I felt ok about my shearing decision in the moment (it wasn’t a decision I made that day, I had been pondering it for months).  I felt ok about it afterward, for about three days.  And that was when I got that cancer look for the first time.  I was horrified and embarrassed.  This woman thought I had cancer.

Later, at the market, I got asked about my chemo regimen.  I bought some ill-fitting hats and then couldn’t stand wearing them.  I went back to the grocery store weeks later and another person cornered me at the check-out wanting to talk about my cancer treatment.

I told all of these people that it was a side-effect of my RA drugs.  I’m not a complete dick.  But I also was apologizing for something I shouldn’t be sorry about.

I was sorry for being sick and having to take drugs that make my hair fall out and thus, giving the wrong impression.  I was sorry because of how *my* illness was affecting these strangers who were jumping to conclusions.

It took me until just now to realize that’s what I’ve been doing.  I’ve been apologizing for doing what I have to do.  And I think — no, I know — that this is the last fucking thing near what a proud, angry, (potentially sugar buzzed) celebrated and successful writer does.

Or anybody with any fucking self-worth.

Today, I changed it.  It’s Sunday, September 30.  And today, things are different and I also have a lesson to share out of it.

Bold Marketing is Your Bald Head

When you boldly brand you company, or you run a clever and risky marketing effort, you’re really putting yourself out there.  When you ask for referrals, you risk that your audience will say no.  In fact, the chances are better that they will say no than that they’ll say yes simply because it’s easier for people to do nothing than something.  We’re awful like that.

But we also try really hard to get along sometimes.  Since I shaved my head, I’ve been trying WAY TOO HARD TO GET ALONG.

For example, I wrote a blog a few weeks ago for my marketing company, In the Cloud, about how my company was unfortunately branded what with the serious hurricanes and whatnot pounding the Carolinas at the time.

I FUCKING APOLOGIZED FOR MY BRANDING EVEN THOUGH THE HURRICANES IN QUESTION WEREN’T A PR STUNT.

That’s not how you do branding.  You do branding from a place of strength.  Your branding may be done in a moment of sheer adrenaline, like the time you took that razor to your scalp and watched as your ringlets fell into the sink, but it has to be maintained like the twice a week shave in the shower that ends up with a neat pile that looks like you’ve pulled a bit of lint off your sweater.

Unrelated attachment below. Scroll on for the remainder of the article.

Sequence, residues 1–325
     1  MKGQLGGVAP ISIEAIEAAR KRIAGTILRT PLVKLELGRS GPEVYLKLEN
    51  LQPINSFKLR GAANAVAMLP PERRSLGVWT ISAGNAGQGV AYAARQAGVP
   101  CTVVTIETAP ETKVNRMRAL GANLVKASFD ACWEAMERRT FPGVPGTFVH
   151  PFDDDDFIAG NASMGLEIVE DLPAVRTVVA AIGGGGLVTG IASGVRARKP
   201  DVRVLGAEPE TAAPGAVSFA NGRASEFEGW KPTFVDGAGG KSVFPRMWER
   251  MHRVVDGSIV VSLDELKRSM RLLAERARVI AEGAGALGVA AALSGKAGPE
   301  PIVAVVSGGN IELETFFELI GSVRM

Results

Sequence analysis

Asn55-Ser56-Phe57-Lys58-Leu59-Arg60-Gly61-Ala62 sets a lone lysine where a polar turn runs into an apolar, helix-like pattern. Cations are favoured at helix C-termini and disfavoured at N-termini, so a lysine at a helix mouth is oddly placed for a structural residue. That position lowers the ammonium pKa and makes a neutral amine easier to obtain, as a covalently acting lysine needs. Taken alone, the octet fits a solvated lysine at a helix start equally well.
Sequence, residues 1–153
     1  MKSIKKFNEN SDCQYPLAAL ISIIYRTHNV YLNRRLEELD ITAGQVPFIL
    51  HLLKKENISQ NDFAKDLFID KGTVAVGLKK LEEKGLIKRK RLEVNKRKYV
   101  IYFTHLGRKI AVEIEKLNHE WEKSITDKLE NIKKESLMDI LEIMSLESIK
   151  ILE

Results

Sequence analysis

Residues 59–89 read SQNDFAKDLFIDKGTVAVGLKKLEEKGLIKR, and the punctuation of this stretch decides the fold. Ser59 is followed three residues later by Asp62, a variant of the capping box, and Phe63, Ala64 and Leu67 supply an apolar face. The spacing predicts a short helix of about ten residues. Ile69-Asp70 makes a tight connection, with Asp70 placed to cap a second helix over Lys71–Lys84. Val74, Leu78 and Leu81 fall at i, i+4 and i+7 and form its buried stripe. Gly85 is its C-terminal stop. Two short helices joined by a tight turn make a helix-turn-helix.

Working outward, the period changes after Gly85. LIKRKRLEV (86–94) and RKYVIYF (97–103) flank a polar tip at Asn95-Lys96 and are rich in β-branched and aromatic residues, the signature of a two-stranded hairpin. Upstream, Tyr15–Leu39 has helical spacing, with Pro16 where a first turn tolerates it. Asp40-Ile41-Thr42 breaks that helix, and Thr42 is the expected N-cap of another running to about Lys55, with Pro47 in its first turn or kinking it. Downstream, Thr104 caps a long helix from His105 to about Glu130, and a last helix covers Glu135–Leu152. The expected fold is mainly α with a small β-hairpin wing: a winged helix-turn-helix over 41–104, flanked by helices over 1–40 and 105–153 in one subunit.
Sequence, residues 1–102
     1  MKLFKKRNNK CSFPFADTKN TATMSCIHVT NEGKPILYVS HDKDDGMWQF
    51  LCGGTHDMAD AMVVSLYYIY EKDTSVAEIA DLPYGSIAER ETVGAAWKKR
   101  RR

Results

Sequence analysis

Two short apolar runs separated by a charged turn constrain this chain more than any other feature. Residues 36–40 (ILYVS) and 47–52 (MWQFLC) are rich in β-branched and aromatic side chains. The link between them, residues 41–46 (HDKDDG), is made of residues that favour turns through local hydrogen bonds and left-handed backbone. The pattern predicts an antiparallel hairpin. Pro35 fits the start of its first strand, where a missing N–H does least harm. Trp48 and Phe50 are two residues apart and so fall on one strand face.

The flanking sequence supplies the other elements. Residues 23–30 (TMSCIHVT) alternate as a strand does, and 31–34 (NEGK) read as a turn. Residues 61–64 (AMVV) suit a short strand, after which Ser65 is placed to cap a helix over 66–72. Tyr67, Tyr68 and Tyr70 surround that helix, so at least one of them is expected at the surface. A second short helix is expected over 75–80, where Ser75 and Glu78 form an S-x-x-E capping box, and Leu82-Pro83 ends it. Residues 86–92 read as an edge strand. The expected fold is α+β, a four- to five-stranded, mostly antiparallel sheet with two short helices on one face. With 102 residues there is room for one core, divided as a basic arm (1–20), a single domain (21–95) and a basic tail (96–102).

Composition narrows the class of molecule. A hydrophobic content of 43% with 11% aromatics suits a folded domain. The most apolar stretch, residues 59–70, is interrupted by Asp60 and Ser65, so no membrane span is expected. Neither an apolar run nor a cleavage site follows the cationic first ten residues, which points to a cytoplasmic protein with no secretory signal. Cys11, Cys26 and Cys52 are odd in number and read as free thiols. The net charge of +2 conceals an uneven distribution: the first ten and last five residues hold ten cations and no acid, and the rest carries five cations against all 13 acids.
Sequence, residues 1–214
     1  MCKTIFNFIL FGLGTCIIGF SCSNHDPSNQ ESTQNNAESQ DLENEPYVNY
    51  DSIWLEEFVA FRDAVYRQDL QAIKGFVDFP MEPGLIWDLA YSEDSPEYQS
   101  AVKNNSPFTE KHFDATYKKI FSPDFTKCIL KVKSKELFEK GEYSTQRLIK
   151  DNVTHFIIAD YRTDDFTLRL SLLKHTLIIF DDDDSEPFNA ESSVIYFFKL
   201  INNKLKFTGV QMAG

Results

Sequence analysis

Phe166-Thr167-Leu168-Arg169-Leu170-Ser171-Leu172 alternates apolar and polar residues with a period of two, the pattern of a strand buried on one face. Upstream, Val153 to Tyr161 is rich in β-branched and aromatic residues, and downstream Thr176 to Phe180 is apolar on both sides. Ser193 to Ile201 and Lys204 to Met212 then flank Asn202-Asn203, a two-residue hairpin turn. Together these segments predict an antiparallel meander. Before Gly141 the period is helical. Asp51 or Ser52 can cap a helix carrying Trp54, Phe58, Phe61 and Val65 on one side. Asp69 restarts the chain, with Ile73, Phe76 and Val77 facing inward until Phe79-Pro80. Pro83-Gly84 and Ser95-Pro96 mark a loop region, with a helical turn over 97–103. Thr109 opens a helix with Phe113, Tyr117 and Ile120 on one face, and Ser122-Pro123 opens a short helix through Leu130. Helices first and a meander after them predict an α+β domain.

Your branding is you.  And it’s your people.  And it’s your bald fucking head, because it’s impossible to tear away from your company once you’ve set it in motion.  And In The Cloud being branded with weather themes is fucking brilliant, and you can all go fuck yourselves if you don’t like it.

My Plan Going Forward

My bald head is my own fucking business.  My company, its logo, its branding, its clients, its employees, all of that bullshit is my own fucking business (except where the IRS gets to be involved).

I am not going to apologize for my bald head.

I am not going to apologize for In The Cloud.

I was wrong to do it for even a moment.  Hell, I was wrong to think I was the one with the problem.

Copywriter, there are always going to be people who think their offense is your fault and therefore your problem.  And I say fuck that.  If you’re going about your own business and someone else feels the need to tell you that you’re wrong, you show them that middle finger and walk the fuck away.  You don’t have time for that shit.

And I don’t, either.

When I was in the newspaper business, I got a really nasty response to an Op-Ed way back in the Dark Ages.  I was really upset.  Visibly.  My editor handed me this little pebble at the time and I’ve held on to and rubbed the shit out of it like my little worry stone for decades.  “If they’re not complaining, they’re not reading.”

And fuck all if that’s not the case, my friends.

Final Thoughts

I included karoshi in the title, so I guess I’ll wrap it up with this thought:  If your bald head is caused by stress and overwork, karoshi could be coming for you.

If your bald head is caused by RA drugs and/or other systemic issues, you’re a glorious motherfucker, so don’t sweat it.  Flaunt that shit.  Buy fancy hats.

If your bald head is caused by cancer, that’s terrible and I hope you go into remission soon.  I don’t have cancer, though, never claimed I did (even for free dessert) and I’m not sorry I shaved my head because your hard is different from mine.

*flounces gloriously motherfuckeredly*

Karoshi for Copywriters: An Introduction

When you’re freelancing, it often feels like you’re either running around like mad trying to get work or you’re trying to keep yourself buckled into the hot seat writing all the work you managed to find.  The ebb and flow is pretty rough on a person, there’s no doubt.  Burnout is for real and can completely ruin lives.

There’s another danger that we as a culture fail to address.  Maybe this is because “Protestant Work Ethic” or maybe we just don’t like to talk about things that are unpleasant, but we’re talking about this today.

The Japanese call it “karoshi,” which translates to “death from overwork.”

Work/Life Balance and Freelancing